Matzer: It was the 1890s. I think from a technical/forensic aspect, they did as much as they could. Their scientific hands, metaphorically speaking, to my understanding, were tied. Lizzie was the only person charged. I think that speaks volumes to how much they could do and how much they wanted to do.
|Jay Huguley with a little light reading|
Q: What did you do to prepare for this role?
Matzer: It must be said the character as presented in Lizzie is different from the real man. I of course researched what I could on Deputy Fleet. I first wanted to see what Deputy Fleet looked like. This is a quick superficial, vanity thing, though. As an actor you move past this curiosity and dig deeper and try to find any clue as to who the person you’re playing really was. I feel a sense of responsibility when it comes to portraying someone who was real. At some point, though, I had to blend what was known historically about Fleet and then find those traits we shared—the truth which lies between us. That’s my job as an actor.
How do you do that when there are no audio or video references? That was the challenge presented to me. There are none. In the end, I finally decided he was an officer of the law. He was a man who was concerned about wrong or right. I had to keep things in perspective. This movie was not The Deputy Fleet Story.
I only needed to consider the broad strokes of who this man was and what I decided was that he was no-nonsense, serious, practical and suspicious.
From there, I let Craig’s direction, Kristen’s performance and Bryce’s dialogue guide me. Craig and Bryce both told me they were very happy with my performance as Deputy Fleet. I did my job. I’m very proud.
In closing, I must say, Lizzie is going to blow people away. Chloë is brilliant as Lizzie. Hers is a raw, heartbreaking, tour de force performance. The entire cast is just amazing. I’m truly blessed to be part of it, even if in a small capacity. Lizzie is jarring, violent, touching and tragic. There are moments which will move you and horrify you. Lizzie is a gorgeous film thanks to the cinematography of Noah Greenberg. Jeff Russo’s soundtrack is a perfect complement to the story and imagery. His themes are unsettling and broken and mirror the tragic broken mind of the film’s center character.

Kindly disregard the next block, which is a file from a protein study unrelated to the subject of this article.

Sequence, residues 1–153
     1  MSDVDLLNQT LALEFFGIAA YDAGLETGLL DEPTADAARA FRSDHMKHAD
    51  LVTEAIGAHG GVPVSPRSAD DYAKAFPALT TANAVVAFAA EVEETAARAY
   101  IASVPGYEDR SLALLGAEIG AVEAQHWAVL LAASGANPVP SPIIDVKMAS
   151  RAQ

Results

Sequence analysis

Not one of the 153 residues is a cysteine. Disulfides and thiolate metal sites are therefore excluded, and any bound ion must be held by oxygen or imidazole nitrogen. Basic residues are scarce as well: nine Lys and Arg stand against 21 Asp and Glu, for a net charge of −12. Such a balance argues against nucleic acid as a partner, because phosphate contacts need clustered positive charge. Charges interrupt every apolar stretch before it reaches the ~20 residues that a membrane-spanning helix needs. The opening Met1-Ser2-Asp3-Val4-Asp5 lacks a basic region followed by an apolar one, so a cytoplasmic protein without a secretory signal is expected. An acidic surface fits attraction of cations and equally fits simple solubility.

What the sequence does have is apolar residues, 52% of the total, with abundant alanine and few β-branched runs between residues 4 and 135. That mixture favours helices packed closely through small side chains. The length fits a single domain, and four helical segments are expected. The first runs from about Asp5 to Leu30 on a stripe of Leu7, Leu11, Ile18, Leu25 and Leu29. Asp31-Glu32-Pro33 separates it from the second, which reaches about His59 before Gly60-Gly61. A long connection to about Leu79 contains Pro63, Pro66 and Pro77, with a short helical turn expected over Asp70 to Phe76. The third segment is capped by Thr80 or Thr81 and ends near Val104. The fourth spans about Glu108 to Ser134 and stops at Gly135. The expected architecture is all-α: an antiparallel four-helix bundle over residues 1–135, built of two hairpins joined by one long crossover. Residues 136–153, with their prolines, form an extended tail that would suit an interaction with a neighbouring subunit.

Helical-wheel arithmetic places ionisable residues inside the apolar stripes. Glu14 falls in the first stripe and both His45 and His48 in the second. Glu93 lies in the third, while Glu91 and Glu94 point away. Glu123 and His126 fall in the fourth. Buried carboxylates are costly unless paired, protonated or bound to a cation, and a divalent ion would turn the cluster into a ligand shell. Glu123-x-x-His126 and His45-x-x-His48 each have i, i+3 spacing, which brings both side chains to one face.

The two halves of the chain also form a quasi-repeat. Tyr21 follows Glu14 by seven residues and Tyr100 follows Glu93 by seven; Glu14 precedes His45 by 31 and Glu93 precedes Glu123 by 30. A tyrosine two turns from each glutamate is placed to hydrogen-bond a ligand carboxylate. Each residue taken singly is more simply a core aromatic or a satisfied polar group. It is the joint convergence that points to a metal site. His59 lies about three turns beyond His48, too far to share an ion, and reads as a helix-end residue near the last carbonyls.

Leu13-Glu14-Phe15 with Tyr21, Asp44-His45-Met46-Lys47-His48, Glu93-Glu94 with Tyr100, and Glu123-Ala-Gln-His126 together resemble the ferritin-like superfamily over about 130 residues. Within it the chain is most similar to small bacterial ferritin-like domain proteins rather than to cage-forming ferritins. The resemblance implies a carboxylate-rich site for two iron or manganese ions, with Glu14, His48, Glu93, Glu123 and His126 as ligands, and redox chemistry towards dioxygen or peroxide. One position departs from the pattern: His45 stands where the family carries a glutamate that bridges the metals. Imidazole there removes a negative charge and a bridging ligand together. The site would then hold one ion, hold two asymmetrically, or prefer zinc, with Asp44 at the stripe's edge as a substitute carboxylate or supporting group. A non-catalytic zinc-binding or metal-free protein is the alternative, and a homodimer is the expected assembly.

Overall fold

- Want to know more about Matzer? His website is http://www.jematzeractor.com/. He tweets as @MATZER_fella_64 and is on Insta as @Matzeractor.
- Want to know more about the movie Lizzie, like watching the trailer and finding out if it's showing near you? Click here http://bit.ly/2PIwhtT and then at the top click on "Change region/adjust theater."
- Want to know more about the character Kristen Stewart plays, the Irish maid who was there that day? My novel The Murderer's Maid tells the whole story from her point of view, along with a modern-day narrative about a woman who discovers her own strange connection to the case. [Disclaimer: my book has nothing to do with the movie, other than being another rare case of Bridget Sullivan getting some attention and credibility.] Check it out here:
“Erika Mailman’s kaleidoscopic narrative melds true crime, historical fiction, and elements of a psychological thriller, all hinging on a singular question: ‘Who isn’t a survivor from the wreckage of childhood?’” -Foreword Reviews
“A complex and riveting parallax view of domestic crimes, decades apart.” -Kirkus
“Those interested in the Lizzie Borden tale…will appreciate Mailman’s research and be rewarded with this new perspective.” -Booklist
Follow me on Twitter @ErikaMailman or on Instagram @ErikaMailman.
Finally, I've blogged a lot about the case. Click below!